News / Europe

Spain Gets Mixed Reviews on Handling Economy

People sleep outside the headquarters of Spanish nationalized lender Bankia, where protesters have camped for more than three weeks, in Madrid, November 20, 2012.
People sleep outside the headquarters of Spanish nationalized lender Bankia, where protesters have camped for more than three weeks, in Madrid, November 20, 2012.
Caroline Arbour
One year ago Tuesday, November 20, Mariano Rajoy's Partido Popular (PP) won a landslide victory in Spain's parliamentary elections, but it is facing mounting criticism from voters on its handling of the economic crisis. Experts counter results will take time.

When Spain’s conservative Partido Popular won an absolute majority in the November general elections last year, the country’s economy was already sliding on a downhill slope, headed towards its second recession in three years. A record 21.5 percent of Spaniards were out of a job.  

In his first speech as prime minister-elect, Mariano Rajoy promised to tackle unemployment, the deficit and the country’s excessive debt.

Within seven months, his government had announced $80 billion worth of cost-saving measures, including cuts to all ministries. And it made labor laws less rigid.

Streets and squares have been filling regularly with angry protesters. The leading unions and the opposition believe the government is irreversibly destroying Spain’s cherished social model.

Socialist party leader Alfredo Rubalcaba says Spaniards are worse off than a year ago.
Unemployment now stands at 25 percent. But some argue it was bound to get worse before it gets better.

Ramon Pacheco Pardo, a lecturer in European and international studies at King’s College in London, says it is too early to judge whether or not the government’s plan is good or bad.

“I think [what] the government has done right is that it has started to tackle some of the long-term problems of the Spanish economy," said Pardo. "On the other hand, I think some of the measures that have been taken, like cuts in the health sector, cuts in the education sector have been introduced far too quickly.”

Economist and former bank inspector Rubén Manso Olivar believes the reforms and economic measures have not gone far enough.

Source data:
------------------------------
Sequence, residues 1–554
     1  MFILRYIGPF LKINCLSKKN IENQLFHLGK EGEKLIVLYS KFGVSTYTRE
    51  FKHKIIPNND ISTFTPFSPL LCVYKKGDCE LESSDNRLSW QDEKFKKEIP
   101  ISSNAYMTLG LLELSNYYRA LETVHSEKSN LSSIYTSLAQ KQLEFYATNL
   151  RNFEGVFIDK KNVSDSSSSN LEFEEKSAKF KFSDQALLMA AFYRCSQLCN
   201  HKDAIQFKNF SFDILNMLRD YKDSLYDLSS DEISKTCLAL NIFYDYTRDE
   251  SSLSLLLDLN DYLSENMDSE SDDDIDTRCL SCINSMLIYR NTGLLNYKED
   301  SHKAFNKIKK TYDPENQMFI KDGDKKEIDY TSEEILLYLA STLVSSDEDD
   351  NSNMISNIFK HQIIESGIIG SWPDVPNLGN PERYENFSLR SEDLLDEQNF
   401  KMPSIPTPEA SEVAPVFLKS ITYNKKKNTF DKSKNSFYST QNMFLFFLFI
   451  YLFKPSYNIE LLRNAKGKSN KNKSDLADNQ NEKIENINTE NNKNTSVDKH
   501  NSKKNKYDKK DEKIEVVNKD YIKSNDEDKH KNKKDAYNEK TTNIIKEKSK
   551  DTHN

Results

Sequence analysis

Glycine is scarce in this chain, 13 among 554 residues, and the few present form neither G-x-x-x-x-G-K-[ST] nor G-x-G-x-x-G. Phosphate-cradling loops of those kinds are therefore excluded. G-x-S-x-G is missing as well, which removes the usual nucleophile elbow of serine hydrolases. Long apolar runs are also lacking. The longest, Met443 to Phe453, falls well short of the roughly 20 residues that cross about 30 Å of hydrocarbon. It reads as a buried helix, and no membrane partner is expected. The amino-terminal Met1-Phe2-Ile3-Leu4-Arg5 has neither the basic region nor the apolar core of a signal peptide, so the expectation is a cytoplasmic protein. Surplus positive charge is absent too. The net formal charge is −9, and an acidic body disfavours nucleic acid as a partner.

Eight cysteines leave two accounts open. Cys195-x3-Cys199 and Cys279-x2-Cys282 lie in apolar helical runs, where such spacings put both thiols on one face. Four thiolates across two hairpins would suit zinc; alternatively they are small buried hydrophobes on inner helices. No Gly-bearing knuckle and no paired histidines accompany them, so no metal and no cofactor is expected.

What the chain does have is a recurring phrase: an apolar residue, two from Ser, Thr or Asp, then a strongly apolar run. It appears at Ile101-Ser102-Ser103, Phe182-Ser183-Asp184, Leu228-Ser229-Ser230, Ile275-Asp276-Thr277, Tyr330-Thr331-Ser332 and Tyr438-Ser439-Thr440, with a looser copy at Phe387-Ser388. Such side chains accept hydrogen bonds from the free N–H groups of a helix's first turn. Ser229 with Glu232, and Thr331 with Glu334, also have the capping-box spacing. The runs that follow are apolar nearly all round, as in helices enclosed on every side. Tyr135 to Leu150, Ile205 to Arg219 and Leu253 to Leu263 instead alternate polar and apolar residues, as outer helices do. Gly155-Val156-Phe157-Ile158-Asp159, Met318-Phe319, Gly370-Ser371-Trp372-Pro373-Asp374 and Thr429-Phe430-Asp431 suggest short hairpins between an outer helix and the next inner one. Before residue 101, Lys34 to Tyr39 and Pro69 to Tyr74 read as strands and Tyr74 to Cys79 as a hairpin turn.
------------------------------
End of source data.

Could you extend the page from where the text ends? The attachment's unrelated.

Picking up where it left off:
He says, for example, that banks should have been allowed to fail rather than the government transferring their toxic real estate assets to a newly formed entity, and it should have been more forceful in demanding autonomous regions rein in their spending.

Although talks of a bailout have subsided lately, both Manso Olivar and Pacheco Pardo think there will be calls again for Spain to seek help, as borrowing costs are likely to remain high.

“The central government and the regional governments in Spain really have no means to pay off their debt," said Pardo. The Spanish deficit is not as high, yeah, if you compare with other European countries. The problem is that there is a lack of confidence in the Spanish government paying off its debt.”

He says there will probably be more social unrest in the coming months because the economic situation will not improve in 2013.

Mariano Rajoy’s government seems determined to maintain its course. And it should, says Rubén Manso Olivar.

He says Spaniards voted to give the Partido Popular a four-year mandate, and the government should be afforded a chance to govern.

You May Like

Video British Fighters on Frontline of Islamic State Information War

It’s estimated that several hundred British citizens are fighting for Islamic State alongside other foreign jihadists More

Pakistan's Political Turmoil Again Shines Spotlight on Military

Thousands of protesters calling for PM Sharif to step down continue protests in front of parliament, as critics fear political impasse could spur another military coup More

Photogallery Ebola Quarantines Spark Anxiety in Liberian Capital

Food prices rise sharply as residents attempting purchases clash with security forces, leaving one person dead More

Featured Videos

Your JavaScript is turned off or you have an old version of Adobe's Flash Player. Get the latest Flash player.
Native Bees May Help Save Cropsi
X
Deborah Block
August 22, 2014 12:23 AM